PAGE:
The way we think about the office is changing.

Now that companies around the world have moved towards a distributed workforce, with some team members logging in remotely, many are ditching the traditional office. Instead, they’re adopting a hub and spoke business model — a centralized downtown headquarters with strategically located regional satellite offices (or “spokes”). But is that model right for your business?

The first step is to make an assessment. Ask yourself: Where does your workforce live? What type of office experience best serves your employees? What resources and tools are available? The answers to those questions will help inform what kind of approach is a good fit.

Here are a few signs that a hub and spoke business model may be right for your company.

You want to bring the office to your employees.

“People don’t like commuting,” says Marshall O’Moore, Head of Agile Advisory at real-estate services firm CBRE. “In fact, numerous studies find that people systematically underestimate how much they hate commuting, and they therefore choose to live so far away that they end up lowering their aggregate life satisfaction.”

Especially after months of having no commute time at all, there’s little interest in spending hours trekking to and from the office each day, even though the majority of workers want to return to the office, according to CBRE’s recent Workforce Sentiment Survey.

But with a hub and spoke business model, you can place distributed offices where your talent pool resides. Shortening your employees’ commute also means giving them a better work-life balance. Plus, your company can dip into a broader talent base and help stimulate regional economies.

You see an opportunity to reduce real estate costs.

As many companies move away from the traditional nine-to-five, they don’t need as much physical space on a regular basis. In that case, a hub and spoke business model can free companies from being locked into long-term leases in expensive cities. With lower rents in suburbs of metropolitan areas or secondary cities, companies can reduce real estate costs, while employees also benefit from the lower cost of living.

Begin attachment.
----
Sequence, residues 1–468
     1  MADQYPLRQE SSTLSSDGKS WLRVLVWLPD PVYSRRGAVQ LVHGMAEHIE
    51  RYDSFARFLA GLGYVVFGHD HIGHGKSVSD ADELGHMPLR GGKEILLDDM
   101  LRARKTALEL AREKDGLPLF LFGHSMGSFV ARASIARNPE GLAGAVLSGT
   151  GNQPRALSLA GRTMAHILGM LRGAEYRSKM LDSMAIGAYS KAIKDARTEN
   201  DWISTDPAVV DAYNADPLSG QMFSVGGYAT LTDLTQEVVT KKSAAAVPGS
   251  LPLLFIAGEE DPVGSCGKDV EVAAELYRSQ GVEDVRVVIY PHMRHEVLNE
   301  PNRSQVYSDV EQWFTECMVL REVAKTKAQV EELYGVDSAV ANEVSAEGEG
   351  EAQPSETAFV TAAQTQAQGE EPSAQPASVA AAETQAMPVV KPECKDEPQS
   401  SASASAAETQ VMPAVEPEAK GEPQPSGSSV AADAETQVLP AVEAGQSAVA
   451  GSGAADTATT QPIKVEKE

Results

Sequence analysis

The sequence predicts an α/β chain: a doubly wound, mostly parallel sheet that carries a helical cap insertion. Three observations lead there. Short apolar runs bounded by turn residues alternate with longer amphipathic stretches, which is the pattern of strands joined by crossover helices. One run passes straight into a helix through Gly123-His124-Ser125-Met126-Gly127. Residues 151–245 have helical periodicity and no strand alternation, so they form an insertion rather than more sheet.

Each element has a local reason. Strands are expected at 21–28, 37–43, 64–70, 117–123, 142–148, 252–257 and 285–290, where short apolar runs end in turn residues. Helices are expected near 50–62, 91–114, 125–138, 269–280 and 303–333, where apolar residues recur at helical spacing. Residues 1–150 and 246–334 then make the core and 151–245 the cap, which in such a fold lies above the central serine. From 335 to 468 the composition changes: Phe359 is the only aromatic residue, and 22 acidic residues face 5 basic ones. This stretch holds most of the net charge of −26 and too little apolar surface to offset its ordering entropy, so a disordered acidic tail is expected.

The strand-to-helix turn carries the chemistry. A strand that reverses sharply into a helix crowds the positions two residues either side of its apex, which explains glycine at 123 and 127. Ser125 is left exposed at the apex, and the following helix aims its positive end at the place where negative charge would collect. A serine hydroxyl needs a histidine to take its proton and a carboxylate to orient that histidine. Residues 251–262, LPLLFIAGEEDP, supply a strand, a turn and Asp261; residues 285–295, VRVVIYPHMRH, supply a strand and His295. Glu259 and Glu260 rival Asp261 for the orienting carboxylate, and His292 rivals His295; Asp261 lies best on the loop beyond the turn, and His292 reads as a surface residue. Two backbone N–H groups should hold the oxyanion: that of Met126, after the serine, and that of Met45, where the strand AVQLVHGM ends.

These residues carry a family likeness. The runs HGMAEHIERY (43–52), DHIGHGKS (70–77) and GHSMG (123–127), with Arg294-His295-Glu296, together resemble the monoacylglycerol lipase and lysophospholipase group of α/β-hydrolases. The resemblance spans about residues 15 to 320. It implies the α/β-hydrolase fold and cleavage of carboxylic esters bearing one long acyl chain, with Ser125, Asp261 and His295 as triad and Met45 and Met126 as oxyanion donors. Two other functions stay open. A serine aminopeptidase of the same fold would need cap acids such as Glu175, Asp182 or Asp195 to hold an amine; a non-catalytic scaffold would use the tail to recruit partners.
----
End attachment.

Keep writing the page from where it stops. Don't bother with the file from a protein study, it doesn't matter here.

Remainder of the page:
An important note, however: “Although financial responsibility is absolutely one factor, it’s typically not the only factor at play in real-estate decision-making,” says Rick Ybarra, Principal at Avison Young Consulting Services. He advises looking at other considerations around the hub and spoke strategy, such as enabling portfolio flexibility; reducing the total cost of occupancy; seeking real estate capital management; and reducing portfolio carbon footprint. Together, Ybarra notes that they can lead to “real estate solutions that ultimately help companies build profitable strategies for business while giving them an edge in the war for talent.”

You want a collaborative space, but also to keep things flexible.

The office isn’t disappearing — it’s just changing. As O’Moore puts it, people want to continue coming in because they “enjoy the actual space and its amenities. Or they can’t work effectively in other surroundings, like their home.”

Many managers also believe that the best way to brainstorm ideas and plan projects is face-to-face, so the office can be a productive place for meetings, events, and conferences. A hub and spoke model provides numerous locations for employees to meet, but also allows your company more ability to scale up or down according to your business needs, especially if you’re using flexible office space.

You put in the effort to create a corporate culture.

“In the longer term, companies [adopting] spoke offices should do so as part of a holistic real estate approach that includes virtual work, spoke offices, and hubs,” says O’Moore. When your employees are spread out, it’s critical that you find ways to bring them together in order to establish a consistent company culture. This multifaceted model better allows for more cross-team collaboration. O’Moore also suggests that companies create opportunities for employees to have virtual, unstructured team work. That way, they can get to know colleagues based in other regions.

“Beyond all physical gatherings, technology is critical in this model,” adds Ybarra, who emphasizes the importance of providing employees with the tools and connectivity they need to elevate their experience at work. “State-of-the-art A/V technology, augmented or virtual reality tools, digital collaboration tools that connect remote employees, and company-provided hardware for maximum interface ease can all keep employees feeling empowered and ready for collaboration.”